Writes Simon Carnell in Hare . . .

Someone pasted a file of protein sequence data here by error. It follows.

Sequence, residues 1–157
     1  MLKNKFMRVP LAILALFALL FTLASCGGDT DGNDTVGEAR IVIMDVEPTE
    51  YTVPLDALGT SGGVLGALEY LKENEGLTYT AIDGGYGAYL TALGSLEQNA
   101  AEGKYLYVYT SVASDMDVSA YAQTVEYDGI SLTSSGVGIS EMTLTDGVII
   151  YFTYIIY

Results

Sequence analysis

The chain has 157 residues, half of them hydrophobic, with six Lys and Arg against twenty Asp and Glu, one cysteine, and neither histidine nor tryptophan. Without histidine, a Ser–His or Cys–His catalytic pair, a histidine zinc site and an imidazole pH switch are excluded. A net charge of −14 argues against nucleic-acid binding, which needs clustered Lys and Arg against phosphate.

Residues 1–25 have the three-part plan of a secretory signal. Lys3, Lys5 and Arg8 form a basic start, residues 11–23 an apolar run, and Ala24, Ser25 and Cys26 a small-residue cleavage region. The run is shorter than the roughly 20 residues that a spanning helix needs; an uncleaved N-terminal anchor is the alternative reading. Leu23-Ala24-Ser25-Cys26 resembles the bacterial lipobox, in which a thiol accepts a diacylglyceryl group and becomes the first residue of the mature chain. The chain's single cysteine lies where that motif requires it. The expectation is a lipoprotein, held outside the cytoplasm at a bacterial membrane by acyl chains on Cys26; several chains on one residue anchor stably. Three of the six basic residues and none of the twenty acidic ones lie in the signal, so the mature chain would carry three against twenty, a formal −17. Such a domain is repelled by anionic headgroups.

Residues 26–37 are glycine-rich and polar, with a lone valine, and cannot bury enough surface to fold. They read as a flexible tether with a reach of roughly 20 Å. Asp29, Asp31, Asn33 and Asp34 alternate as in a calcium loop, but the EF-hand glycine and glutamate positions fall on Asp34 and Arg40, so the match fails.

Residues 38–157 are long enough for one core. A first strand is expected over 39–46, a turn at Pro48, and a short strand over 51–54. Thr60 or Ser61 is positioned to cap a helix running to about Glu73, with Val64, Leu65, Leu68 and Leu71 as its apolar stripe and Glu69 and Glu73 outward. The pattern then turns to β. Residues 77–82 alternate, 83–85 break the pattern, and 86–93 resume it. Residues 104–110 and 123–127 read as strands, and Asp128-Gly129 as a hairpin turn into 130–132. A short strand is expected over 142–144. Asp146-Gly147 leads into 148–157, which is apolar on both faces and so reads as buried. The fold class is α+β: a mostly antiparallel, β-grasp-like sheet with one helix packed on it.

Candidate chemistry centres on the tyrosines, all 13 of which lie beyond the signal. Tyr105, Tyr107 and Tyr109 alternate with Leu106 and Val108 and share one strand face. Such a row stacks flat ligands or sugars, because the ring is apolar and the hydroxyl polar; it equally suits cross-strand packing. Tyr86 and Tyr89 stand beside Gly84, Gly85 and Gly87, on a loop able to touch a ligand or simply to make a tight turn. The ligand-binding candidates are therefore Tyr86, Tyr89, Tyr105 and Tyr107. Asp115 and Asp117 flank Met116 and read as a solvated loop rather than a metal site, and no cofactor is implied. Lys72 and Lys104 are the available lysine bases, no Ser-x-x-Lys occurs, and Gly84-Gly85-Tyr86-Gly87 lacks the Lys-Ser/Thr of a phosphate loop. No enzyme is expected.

When W. B. Yeats wrote of staring through a hare-bone in his poem 'The Collar-Bone of a Hare,' and of laughing "at all those who marry in churches," he was tapping into the animal's reputation for unlicensed sexuality, and for attractively irreducible "wildness." There is a moment in D. H. Lawrence's Women in Love in which the character Birkin looks forward to a world cleared of "dirty" humanity. "Don't you find it a beautiful clean thought," Birkin asks Ursula, "a world empty of people, just uninterrupted grass, and a hare sitting up"? Birkin's sentiment is nothing if not eccentric, even pathological. And yet the animal with which he chooses to illustrate it is aptly chosen, for its traditional reputation for peculiar independence and freedom, as a cipher for unsullied natural wildness and vitality. You only have to substitute "rabbit," let alone "rat" or "fox" to see how this works. Its use here as the totem animal of a post-apocalyptic future also depends upon its availability to represent a "deep" past, as part of Birkin's, and Lawrence's, critique of industrialism. . . .